Do you demonstrate this by giving away valuable, actionable information or advice in your promotion?
What insights into your spokesman’s life can you give away that make him feel more human, more like the prospect in his harmless little foibles, loves and values, therefore creating a friendship right off the bat?
When selling newsletter subscriptions, I avoid saying things like “When you subscribe …” Instead, I say something like “When you join me in …” On the order form, instead of calling my product a “subscription,” I call it a membership.
What could you do to position this initial sale NOT as a sale, but as the beginning of a beautiful friendship?
3. “Does my product over-deliver on the benefit claims made in my promotion?” Goes without saying: If the product is faulty, fix it. If it can be improved, improve it.
Then, do this: Order a product from yourself, for yourself. Do it by phone so you get the live experience of dealing with the customer service rep. Throw up roadblocks.
I once called a client’s toll-free number and said I wanted a three-year subscription to his letter. “We don’t sell three-year subscriptions,” they said. “Just one-year and two-year subscriptions.”
So I asked if I could buy a one-year subscription and a two-year subscription and have them run consecutively. That really pissed her off. “I’ve never heard of such a thing!” she said.
It was all I could do to resist crawling through the phone and slapping her silly.
So challenge the operator and take notes. Then, when the welcome kit or first shipment arrives, note how long it took to receive, then go into a room alone. Get yourself into the frame of mind of a new customer who has been anxiously checking his mailbox every day, hoping to get your product. Then open it.
How do you feel? What are your first impressions? Are you bowled over by the quality and quantity of what you see inside? Do you feel closer to the company and/or its spokesperson? Does the experience leave you looking forward to your next contact with the company?
Then, even if you answered “yes” to every question above, get your best people together and spend a day brainstorming how you can make that experience a truly memorable one – in a good way.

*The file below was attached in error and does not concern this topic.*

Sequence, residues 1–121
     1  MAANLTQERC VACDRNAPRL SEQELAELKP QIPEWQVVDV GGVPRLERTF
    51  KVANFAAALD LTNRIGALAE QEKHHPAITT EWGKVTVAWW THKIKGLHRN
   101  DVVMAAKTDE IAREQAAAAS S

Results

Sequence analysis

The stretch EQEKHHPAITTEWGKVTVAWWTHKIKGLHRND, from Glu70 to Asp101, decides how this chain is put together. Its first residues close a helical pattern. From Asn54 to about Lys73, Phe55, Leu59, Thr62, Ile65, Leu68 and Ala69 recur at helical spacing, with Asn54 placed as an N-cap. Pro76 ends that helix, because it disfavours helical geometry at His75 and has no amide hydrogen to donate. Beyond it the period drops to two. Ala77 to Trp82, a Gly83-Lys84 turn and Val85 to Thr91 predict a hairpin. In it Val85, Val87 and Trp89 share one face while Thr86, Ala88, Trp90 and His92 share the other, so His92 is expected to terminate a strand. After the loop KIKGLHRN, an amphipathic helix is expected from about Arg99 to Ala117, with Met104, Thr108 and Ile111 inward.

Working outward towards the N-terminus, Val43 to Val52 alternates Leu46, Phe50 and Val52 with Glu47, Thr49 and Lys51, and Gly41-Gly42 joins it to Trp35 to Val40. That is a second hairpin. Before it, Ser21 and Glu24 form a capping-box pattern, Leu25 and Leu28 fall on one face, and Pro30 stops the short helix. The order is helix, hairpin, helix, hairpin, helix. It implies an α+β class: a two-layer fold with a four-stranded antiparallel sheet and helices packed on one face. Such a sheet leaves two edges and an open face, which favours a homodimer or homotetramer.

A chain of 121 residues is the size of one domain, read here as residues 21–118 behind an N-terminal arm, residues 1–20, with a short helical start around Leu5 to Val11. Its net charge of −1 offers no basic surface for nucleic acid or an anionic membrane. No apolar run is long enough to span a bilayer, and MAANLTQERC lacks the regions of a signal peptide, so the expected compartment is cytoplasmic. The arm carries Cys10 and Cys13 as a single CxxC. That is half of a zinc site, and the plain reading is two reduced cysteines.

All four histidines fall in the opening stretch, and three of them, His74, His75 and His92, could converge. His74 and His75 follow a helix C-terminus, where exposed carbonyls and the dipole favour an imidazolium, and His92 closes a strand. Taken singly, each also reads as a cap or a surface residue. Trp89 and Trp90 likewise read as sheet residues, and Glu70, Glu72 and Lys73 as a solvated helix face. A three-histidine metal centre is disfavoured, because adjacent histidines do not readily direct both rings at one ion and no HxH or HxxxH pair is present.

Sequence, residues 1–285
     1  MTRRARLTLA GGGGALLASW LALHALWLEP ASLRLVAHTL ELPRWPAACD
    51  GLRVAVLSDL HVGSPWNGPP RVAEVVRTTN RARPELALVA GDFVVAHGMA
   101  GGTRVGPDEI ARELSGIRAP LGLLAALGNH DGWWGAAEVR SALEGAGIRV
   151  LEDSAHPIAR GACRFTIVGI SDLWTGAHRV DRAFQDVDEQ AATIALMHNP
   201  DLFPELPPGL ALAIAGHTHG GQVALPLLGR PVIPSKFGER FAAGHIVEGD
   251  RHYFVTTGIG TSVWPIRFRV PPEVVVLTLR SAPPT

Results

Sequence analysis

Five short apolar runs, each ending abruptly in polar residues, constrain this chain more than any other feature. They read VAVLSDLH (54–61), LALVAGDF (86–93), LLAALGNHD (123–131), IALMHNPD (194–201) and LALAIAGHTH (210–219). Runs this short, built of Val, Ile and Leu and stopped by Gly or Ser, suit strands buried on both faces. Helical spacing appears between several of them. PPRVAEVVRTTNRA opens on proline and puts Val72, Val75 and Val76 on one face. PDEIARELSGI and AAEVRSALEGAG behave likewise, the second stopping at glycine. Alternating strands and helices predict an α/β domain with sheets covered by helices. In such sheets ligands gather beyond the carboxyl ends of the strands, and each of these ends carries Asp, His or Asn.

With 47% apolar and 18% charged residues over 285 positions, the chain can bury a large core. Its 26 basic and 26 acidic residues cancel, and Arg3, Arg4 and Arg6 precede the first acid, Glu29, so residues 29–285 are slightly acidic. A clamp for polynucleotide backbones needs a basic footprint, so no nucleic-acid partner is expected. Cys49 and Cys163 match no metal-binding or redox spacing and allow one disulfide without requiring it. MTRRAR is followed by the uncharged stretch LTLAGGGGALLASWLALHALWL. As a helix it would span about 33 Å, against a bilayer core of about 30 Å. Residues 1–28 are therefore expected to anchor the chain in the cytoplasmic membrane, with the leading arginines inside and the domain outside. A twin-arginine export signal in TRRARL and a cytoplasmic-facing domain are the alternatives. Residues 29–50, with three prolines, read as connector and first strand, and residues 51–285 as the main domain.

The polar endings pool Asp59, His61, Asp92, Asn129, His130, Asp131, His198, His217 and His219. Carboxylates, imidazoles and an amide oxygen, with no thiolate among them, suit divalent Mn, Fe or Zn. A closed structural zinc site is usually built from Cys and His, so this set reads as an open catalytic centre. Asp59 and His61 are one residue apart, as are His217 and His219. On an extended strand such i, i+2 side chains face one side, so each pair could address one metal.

4. “Do my people go the extra mile to make customers feel like part of the family?” Time for some more fun. Try calling customer service. How many times does the phone ring before someone answers? Are you put on hold? (Scribble, scribble!)
Have a complaint. Be angry. Be insulting. Take copious notes.
Then call back with a gazillion questions. More notes.
Try telling the rep about your cat. Still more notes.
Then, call with a big compliment. You guessed it – getting writer’s cramp yet?
Then, have a “come to Jesus meeting” with your reps and set them on the straight and narrow.
5. “Does each customer file-promotion contain a component that strengthens the bond with your customers?” I tell my clients that every promotion sent to existing customers must do two things: 1) It must, of course, produce profits, and 2) It must make the customer feel greater allegiance and loyalty to the company and/or its spokesperson.
More importantly, no promotion should ever produce profits at the expense of the relationship we worked so hard to establish with our customers. When max short-term profits and max bonding go head-to-head, bonding must always win.
6. “Am I doing everything possible to retain customers that complain or cancel?” A client of mine spends $24 to generate each new customer. Does it make sense to spend less to keep one?
That $24 could buy a LOT of tender, loving care for an irritated or disappointed customer! It could easily cover an outbound telephone call, a FedEx package with a $10 “I’m so sorry!” gift enclosed – the sky’s the limit!
Take a look at the process canceling customers go through and brainstorm everything you can think of to keep them in the fold. Think outside the box.
How about a “Hell NO!” letter to canceling newsletter subscribers: “Hell NO, I won’t cancel your subscription – the help I have for you in coming months is far too crucial to you! I’ve already refunded your subscription – that’s one thing. But denying you the critical guidance in XYZ newsletter is another. So please accept the next three months with my compliments …” You get three more months to win your disgruntled customer over.
Yours for Bigger Winners, More Often,
Publisher & Editor
THE TOTAL PACKAGE
Looking for past issues of The Total Package? Click here for our archives.
Want to share or reprint this article? Feel free. Just give us full attribution and a link to our Home Page when you do.
Attribution Statement: This article was first published in The Total Package. To sign-up to receive your own FREE subscription to The Total Package and claim four FREE money making e-books go to www.makepeacetotalpackage.com.